Army Captain Kim Pierre Zamora remembers the protective jacket he received when he attended basic training a few years ago. It was medium in size, hanging, and even challenging to bend down to pick up something.  “Whenever I tried to move or tried to shoulder my weapon or shoot on a pop-up range really quickly, I would have to physically pick up the vest and move it to shoulder my weapon,” Pierre-Zamora said. 

This is a general complaint of female soldiers and short men who fought in the wide range of armor they wore during the 20-year war in Iraq and Afghanistan. But in the last few weeks, for the first time, the military has begun distributing three additional sizes of weapons: Extra Small Short, Small Short, and Small Long. Armor can be adjusted in various ways to allow soldiers to move faster and more freely. 

The “modular scalable vest” has been distributed to more than 4,500 soldiers so far in the 82nd Airborne Division at Fort Bragg, North Carolina, in recent weeks. Female soldiers will also be able to obtain new versions of the combat shirt that are more adapted to the shape of women. Those jerseys are issued only when soldiers are deployed. 

Army researchers have been working on the changes for years, trying to find combat gear that is lighter and a better fit. Initially, the effort to add more sizes was in response to complaints from female soldiers, who are increasingly moving toward combat jobs that were previously only open to men. As more women were deployed to a war zone, they often realized that they were shorter and smaller than many men and needed armor that would allow for narrower shoulders, bust, and hips.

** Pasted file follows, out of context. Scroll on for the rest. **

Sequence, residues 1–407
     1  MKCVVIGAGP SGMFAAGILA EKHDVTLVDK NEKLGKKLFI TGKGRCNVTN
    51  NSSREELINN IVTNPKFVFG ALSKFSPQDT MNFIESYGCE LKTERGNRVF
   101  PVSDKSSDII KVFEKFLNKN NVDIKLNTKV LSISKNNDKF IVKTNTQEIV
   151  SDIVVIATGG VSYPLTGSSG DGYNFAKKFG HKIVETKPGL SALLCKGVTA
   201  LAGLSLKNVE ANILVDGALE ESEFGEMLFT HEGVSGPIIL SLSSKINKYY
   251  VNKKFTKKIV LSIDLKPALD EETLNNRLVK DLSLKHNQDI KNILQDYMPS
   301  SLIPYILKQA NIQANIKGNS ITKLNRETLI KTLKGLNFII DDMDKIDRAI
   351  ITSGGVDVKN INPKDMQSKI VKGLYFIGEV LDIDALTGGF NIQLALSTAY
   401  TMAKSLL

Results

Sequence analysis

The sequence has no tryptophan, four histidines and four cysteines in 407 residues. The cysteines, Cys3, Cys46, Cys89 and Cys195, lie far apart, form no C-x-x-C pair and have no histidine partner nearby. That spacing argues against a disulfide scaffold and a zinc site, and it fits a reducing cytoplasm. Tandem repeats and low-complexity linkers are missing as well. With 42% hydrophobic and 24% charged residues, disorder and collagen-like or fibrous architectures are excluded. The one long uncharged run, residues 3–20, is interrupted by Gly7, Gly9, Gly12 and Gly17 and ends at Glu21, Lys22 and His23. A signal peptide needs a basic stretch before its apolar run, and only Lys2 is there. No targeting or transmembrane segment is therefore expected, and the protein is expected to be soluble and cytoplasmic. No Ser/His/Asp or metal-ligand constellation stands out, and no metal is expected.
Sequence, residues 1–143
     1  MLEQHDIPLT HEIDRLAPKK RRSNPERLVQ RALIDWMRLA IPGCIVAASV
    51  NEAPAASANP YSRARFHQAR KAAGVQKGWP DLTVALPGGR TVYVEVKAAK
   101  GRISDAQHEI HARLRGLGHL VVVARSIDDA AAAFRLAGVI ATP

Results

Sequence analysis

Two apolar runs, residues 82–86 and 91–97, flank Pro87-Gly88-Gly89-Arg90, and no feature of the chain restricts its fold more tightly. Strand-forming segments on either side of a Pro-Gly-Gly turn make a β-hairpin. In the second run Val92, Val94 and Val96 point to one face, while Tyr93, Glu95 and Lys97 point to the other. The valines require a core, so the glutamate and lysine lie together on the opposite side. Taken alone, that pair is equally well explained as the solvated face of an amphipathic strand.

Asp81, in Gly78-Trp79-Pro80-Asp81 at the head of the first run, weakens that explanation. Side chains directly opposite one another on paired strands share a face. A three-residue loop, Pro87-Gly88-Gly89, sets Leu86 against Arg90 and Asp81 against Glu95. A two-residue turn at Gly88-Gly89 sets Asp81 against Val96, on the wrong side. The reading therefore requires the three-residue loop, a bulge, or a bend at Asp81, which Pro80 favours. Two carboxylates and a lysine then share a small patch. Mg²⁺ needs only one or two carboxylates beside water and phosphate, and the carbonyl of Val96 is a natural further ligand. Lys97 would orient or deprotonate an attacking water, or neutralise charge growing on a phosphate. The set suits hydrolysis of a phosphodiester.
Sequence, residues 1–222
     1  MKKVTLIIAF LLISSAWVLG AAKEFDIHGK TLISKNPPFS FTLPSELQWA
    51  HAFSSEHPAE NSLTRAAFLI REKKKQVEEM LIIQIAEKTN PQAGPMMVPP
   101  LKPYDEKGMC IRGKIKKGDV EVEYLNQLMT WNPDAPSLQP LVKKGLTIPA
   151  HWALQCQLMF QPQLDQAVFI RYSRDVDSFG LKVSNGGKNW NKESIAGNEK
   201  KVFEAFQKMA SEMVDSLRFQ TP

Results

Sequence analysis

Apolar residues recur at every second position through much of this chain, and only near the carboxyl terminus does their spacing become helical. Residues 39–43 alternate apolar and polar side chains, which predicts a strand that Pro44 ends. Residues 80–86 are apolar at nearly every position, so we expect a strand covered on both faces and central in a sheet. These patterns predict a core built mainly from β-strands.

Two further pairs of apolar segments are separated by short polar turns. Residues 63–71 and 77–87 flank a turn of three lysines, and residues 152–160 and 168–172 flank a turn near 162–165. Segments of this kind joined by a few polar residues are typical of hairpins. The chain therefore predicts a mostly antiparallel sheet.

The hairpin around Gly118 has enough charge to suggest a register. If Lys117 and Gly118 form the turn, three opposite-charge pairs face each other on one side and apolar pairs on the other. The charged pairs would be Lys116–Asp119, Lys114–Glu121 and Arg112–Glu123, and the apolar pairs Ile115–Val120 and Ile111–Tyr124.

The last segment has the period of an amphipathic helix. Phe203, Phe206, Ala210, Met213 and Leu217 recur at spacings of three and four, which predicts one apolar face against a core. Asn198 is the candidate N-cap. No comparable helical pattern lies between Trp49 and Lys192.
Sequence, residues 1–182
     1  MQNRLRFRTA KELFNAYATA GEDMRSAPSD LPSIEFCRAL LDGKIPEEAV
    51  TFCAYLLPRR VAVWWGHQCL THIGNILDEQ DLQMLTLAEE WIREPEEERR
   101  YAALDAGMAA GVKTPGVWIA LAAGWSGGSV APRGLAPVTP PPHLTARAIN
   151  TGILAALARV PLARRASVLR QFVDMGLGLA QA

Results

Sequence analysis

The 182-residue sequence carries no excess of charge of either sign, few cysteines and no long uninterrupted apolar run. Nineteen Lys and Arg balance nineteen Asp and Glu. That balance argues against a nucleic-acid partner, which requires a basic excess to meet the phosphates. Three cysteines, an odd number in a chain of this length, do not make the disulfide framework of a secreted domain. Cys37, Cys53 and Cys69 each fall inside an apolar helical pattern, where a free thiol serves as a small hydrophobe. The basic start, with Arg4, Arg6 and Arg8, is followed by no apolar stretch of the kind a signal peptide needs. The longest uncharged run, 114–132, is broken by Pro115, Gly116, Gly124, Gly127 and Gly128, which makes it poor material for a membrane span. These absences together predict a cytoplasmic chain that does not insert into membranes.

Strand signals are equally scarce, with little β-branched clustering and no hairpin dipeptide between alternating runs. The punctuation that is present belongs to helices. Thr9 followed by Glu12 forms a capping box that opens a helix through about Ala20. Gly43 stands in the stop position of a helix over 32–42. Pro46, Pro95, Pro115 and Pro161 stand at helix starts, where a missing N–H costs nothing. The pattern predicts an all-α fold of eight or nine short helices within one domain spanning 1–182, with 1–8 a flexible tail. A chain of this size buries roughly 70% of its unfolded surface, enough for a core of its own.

However, early on, the Army decided to make the vests unisex – the decision, Lt. Col. Stephen Miller said the decision was based on the belief that smaller male soldiers who might need a short-sized vest or small they would refuse to wear anything. which was “stamped woman.” He is Product Manager for Soldier Protective Equipment at PEO Soldier jobs, an Army organization that coordinates the deployment of armor, weapons, and other equipment. 

That move has proven to be a success. Nearly 25 percent, or 1,200, of the 82 airborne soldiers so far have received armor in the three new sizes, said Pierre-Zamora, who works as an assistant product manager at PEO Soldier. Of those 1,200, about 100 have been women. 

There are five other regular sizes that have been available before: Extra Small, Small, Medium, Large, and Extra Large. Pierre-Zamora said the new short and long versions fit many soldiers better. For example, she said that she and another female soldier appear to be roughly the same size. But, she said that she wears a small extra, while the other soldier wears a small extra. 

 “Outwardly, we both look like we’re about the same size, but her torso is a little bit shorter than mine,” she said.  The vest, she said, also allows soldiers to move the ballistic armor plates that can be inserted for additional protection. The soft pockets that hold the plates can be shifted up to don’t rest on female soldiers’ hip bones, impeding quick and agile movement. The shoulder straps are also adjustable”. 

 The small extended version of the vest better fits some thinner men. “There are a lot of small men who were probably wearing a vest that was too big for them,” Miller said. Miller said he was one of them. However, the new combat shirt has a new version specifically for female soldiers because the shape was not the size. Miller said it has shorter sleeves, a flare at the bottom, and added protection along the sides of the bust. 

Over time, more than 6,000 soldiers from the three brigades of the 82nd Airborne Division are expected to obtain the new armor. Miller said each soldier is individually equipped with trained personnel. Soldiers go through a 30-minute class to learn how armor can be adjusted. 

Source: Lewistown Sentinel